In late 2015 Grahame became involved in a public dispute with Scottish Borders Council over the siting of the Great Tapestry of Scotland in the constituency.[11] Councillors had appoved a £6m purpose built visitor centre at Tweedbank Railway Station, however Grahame contested that the business case was flawed and persuaded Scottish Government ministers to investigate this further before releasing the funding required to create it.[12] Grahame favoured siting the tapestry in a disused building in Galashiels arguing that that option had more potential to regenerate the area and encourage tourists to access transport links from Galashiels to the wider region.[13]

In June 2016 one councillor resigned from the SNP over Grahame's intervention, claiming it represented a "lack of support" for SNP councillors and that he had not voted for her in the 2016 Scottish Parliament elections.[14]

However, Grahame's position was eventually vindicated, with the council recommending Galashiels as the preferred site in December 2016 stating "Galashiels offers the greatest potential to provide a world class attraction which will make a significant contribution to the Borders economy.”[15]

Lockerbie Bombing

Grahame has been outspoken in her view that the conviction of Abdelbaset al-Megrahi of the 1988 Lockerbie bombing is unsafe and represents a miscarriage of justice.[16] In May 2009, Grahame visited Megrahi, in Greenock jail. After her visit, she told the press: "I found it quite upsetting. The man is obviously very ill and he is desperate to see his family - absolutely desperate to see his family - so, whatever it takes, that's the priority. He did tell me things I can't discuss with you. But I am absolutely more convinced than ever that there has been a miscarriage of justice."[17] A month later, Grahame arranged a second meeting with the prisoner, Megrahi.[18]

A few days after the dropping of Megrahi's appeal against conviction and his release on compassionate grounds on 20 August 2009, Grahame wrote an op-ed article for The Independent saying she is convinced of his innocence: "He is not a saint, of course – he had a history with Libyan intelligence – but his hands are clean over Lockerbie."[19]

Grahame has lodged several questions and motions on this in the Scottish Parliament[20] and continues to be involved with campaign groups on the matter.

Republicanism

Grahame is a supporter of the political organisation Republic, a campaign to replace the British Monarchy with an elected head of state.[21] In July 2009, Grahame snubbed Elizabeth II by checking her e-mails rather than attending the royal speech at Holyrood to mark the tenth anniversary of Scottish devolution. The move drew some criticism from commentators and fellow MSPs, however on the BBC Radio Good Morning Scotland programme, Grahame stated: "I'm earning and working for my constituents far more than if I sit hypocritically in the chamber watching a monarch for an institution I do not support."[22]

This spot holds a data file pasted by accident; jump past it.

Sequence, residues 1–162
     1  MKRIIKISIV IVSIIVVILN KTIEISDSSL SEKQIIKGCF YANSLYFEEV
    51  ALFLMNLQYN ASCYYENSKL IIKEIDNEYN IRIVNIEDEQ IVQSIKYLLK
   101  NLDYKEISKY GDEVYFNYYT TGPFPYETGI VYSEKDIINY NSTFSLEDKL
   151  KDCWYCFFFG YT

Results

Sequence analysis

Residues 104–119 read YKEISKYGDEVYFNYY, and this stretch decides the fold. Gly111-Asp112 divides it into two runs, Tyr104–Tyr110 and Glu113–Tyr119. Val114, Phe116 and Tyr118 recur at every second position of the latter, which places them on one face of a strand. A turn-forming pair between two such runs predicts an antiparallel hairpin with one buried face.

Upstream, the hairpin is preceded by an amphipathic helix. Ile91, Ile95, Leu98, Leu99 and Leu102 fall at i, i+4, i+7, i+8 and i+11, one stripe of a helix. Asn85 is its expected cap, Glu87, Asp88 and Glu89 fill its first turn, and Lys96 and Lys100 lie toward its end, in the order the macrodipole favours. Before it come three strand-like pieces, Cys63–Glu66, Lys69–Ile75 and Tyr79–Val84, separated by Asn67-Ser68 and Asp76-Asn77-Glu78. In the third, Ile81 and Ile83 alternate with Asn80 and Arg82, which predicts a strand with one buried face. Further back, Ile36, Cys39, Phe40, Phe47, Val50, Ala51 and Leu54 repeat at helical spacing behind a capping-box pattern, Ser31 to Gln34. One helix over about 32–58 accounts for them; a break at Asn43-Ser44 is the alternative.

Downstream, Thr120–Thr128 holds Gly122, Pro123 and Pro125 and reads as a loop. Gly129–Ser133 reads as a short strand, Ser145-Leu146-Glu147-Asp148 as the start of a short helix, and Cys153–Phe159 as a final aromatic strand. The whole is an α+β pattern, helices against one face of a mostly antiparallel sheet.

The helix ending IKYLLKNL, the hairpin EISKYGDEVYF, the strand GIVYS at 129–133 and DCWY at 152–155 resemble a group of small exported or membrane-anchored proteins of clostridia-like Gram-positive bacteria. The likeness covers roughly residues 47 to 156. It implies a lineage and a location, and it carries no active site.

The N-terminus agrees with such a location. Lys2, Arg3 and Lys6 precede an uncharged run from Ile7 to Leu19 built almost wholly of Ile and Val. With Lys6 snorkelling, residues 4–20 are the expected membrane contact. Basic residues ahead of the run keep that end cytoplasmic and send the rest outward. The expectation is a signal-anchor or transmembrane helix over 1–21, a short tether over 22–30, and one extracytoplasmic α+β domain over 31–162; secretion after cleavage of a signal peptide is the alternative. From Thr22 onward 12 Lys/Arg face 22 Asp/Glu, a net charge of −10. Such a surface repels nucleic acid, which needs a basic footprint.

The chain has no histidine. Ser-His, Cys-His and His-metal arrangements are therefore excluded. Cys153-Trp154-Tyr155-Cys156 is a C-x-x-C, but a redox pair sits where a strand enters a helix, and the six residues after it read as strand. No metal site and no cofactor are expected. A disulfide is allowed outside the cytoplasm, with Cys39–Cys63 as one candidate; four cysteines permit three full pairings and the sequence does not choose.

Personal life[edit]

Grahame has two sons and is a grandmother.[23] She has stated previously she has a harmless neurological tremor, which is hereditary and can cause visible shaking.[24]

References[edit]

  1. ^ "The Christine Grahame Column". bordertelegraph.com. 2014-02-24. Retrieved 2017-05-29. 
  2. ^ "Personal Information". www.scottish.parliament.uk. 2016-06-05. Retrieved 2016-12-20. 
  3. ^ "Personal Information". www.scottish.parliament.uk. 2016-06-05. Retrieved 2016-12-20. 
  4. ^ "BBC NEWS | Election 2007 | Scottish Parliament | Election Result: South of Scotland". news.bbc.co.uk. Retrieved 19 December 2016. 
  5. ^ "Election 2011 - Scotland - Midlothian South, Tweeddale & Lauderdale". BBC News. Retrieved 19 December 2016. 
  6. ^ "Ken Macintosh chosen as Holyrood presiding officer". BBC News. 12 May 2016. 
  7. ^ "MSPs: Cross-Party Groups: Animal Welfare". www.parliament.scot. 2016-09-09. Retrieved 19 December 2016. 
  8. ^ Report, Official (2014-01-24). "Official Report". Retrieved 2016-12-19. 
  9. ^ "SNP on right track to secure a victory". www.edinburghnews.scotsman.com. Retrieved 2016-12-19. 
  10. ^ "Midlothian MSP takes a trip on new railway". www.midlothianadvertiser.co.uk. Retrieved 2016-12-19. 
  11. ^ "SNP councillors and MSP embroiled in feud over Great Tapestry of Scotland". HeraldScotland. Retrieved 2016-12-19. 
  12. ^ "Great Tapestry of Scotland's Tweedbank business case examined". BBC News. 2016-01-28. Retrieved 2016-12-19. 
  13. ^ "Borders councillors being advised to pick Galashiels to host Great Tapestry of Scotland". www.thesouthernreporter.co.uk. Retrieved 2016-12-19. 
  14. ^ "SBC Councillor quits over tapestry". Border Telegraph. Retrieved 2016-12-19. 
  15. ^ "Council ditches Tweedbank to give Gala the Great Tapestry". Border Telegraph. Retrieved 2016-12-19. 
  16. ^ "Christine Grahame: Al-Megrahi is home. And he is innocent". The Independent. 2009-08-23. Retrieved 2016-12-19. 
  17. ^ Alison Campsie (2009-05-09). "Megrahi desperate to see his family, says MSP". Glasgow Herald. Retrieved 2009-06-16. [permanent dead link]
  18. ^ "Lockerbie bomber 'in a quandary'". BBC News. 16 June 2009. Retrieved 2009-06-18. 
  19. ^ "Christine Grahame: Al-Megrahi is home. And he is innocent". London: The Independent. 23 August 2009. 
  20. ^ Office, Chamber (2016-06-16). "Motions, Questions and Answers Search". Retrieved 2016-12-19. 
  21. ^ "Republic" website
  22. ^ "MSP 'snubs' Queen to read e-mails". BBC Scotland. 2 July 2009. Retrieved 2 July 2009. 
  23. ^ "Christine Grahame". www.snp.org. Scottish National Party. Retrieved 19 December 2016. 
  24. ^ Report, Official (2016-04-18). "Search the Official Report". Retrieved 2017-01-19. 

External links[edit]